Such transparency is what allows for a song like “Miranda” to exist. Whether or not it’s an autobiographical tale is irrelevant, constructing a song around a partner’s knowledge their other half is with another is devastating enough. Throughout the course of the entire night, the 2012 track came closest to pure country. When Olsen asks “what lover is waiting up for you tonight,” the question keeps up the embattled tradition of Patsy Cline and Loretta Lynn. Further clawing, she slowly realizes every nice thing that was said may have been a white lie.

Songs such as foot-stamper “High And Wild” and “Sweet Dreams” helped to temporarily ease these sobering realizations. The latter stole into a world of reverie, a world where warped, flanging guitar was more mushroom-fed than whiskey gulping. In “Tiniest Seed”, brushed drums painted Olsen’s tortured references to time in a warmer light.

But some things can only be avoided for so long and by the time her band left her alone on the dark stage, it was becoming clear which half of the contradiction had won out. Save for one lone wolf, everyone in the audience looked dead ahead as Olsen delivered an astounding version of “Unf***theworld”. When she warbles “I wanted nothing but for this to be the end,” it’s one of the most arresting musical moments of the year. An old manner insists “begging is undignified,” though Olsen imbues the indignity with tremendous courage. In that instance, the breathless crowd wasn’t intently focused on Olsen because she was the last one standing. Like Olsen, they were praying for peace of mind.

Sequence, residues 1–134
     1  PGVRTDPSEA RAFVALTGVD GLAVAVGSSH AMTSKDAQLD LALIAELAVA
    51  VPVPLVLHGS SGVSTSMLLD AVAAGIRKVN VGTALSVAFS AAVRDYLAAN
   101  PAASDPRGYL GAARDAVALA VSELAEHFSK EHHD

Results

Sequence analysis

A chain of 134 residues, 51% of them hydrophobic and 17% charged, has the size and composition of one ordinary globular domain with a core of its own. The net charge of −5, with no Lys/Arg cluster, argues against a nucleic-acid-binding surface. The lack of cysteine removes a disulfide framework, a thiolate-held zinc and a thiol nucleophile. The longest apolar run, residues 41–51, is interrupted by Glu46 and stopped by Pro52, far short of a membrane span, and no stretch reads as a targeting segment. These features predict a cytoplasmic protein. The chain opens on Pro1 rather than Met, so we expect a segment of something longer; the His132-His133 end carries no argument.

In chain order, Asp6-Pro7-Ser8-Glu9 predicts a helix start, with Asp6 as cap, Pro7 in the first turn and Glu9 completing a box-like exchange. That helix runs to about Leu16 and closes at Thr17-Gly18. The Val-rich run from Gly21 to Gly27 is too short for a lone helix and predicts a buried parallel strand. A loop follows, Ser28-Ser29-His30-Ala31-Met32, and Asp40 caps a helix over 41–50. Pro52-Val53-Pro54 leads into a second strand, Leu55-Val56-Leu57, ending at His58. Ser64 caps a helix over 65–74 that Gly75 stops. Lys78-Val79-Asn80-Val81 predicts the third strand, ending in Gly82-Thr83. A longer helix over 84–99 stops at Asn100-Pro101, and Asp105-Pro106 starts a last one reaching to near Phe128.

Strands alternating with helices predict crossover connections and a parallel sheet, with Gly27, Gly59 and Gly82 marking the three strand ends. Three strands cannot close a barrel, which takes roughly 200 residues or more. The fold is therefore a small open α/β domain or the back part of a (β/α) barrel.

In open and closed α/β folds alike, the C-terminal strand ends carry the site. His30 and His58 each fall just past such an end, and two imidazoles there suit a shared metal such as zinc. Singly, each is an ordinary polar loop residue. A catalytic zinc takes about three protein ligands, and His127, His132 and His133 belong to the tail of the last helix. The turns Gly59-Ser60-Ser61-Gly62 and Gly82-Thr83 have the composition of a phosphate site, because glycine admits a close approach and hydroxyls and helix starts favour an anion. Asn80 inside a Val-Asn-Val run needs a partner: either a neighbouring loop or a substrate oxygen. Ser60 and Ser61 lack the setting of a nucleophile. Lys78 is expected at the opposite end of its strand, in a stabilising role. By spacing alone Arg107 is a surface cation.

Arcade Fire Live at the Starlight Theatre

(Arcadefire.com)

 

 

 

 

 

 

 

 

 

 

 

 

 

 

 

 

 

 

One word that springs up whenever Arcade Fire is discussed is the word “communal”. A word hinging on the idea that their heartfelt, headstrong music provides a place for those on a similar wavelength to get together and feel safe. Each rallying chorus or pointed line doesn’t simply sound good; they throw a life-preserver out to those drowning. Even in Arcade Fire’s darkest hours, a strange hopefulness pervades. You can find inspiration in the mere fact that through such horror they’re still able to stand on two feet. More than indie rock or chamber pop, what the Montreal-group trades in is: survival music. And that survivalist-mentality was on full display at Kansas City’s Starlight Theatre last night.

With the stage bathed in purple lights, a brash clip of “Who’s the F***ing DJ?” blared over the speakers; assuring the crowd the party they’d been promised was soon to follow. Scrawling electric guitars slowly contorted into opener “Here Comes the Night Time”, which had been revamped with squiggly synthesizer movements. The track began the search for community; taking the party to the streets once heaven is found to be at max-capacity. Whatever dancing the opener offered, became a lurch for the paranoiac “Flashbulb Eyes”. Before the song lead-singer Win Butler enjoined the crowd of nearly 8000 to “dance in the aisles,” though few could dance to such a skin-crawling number.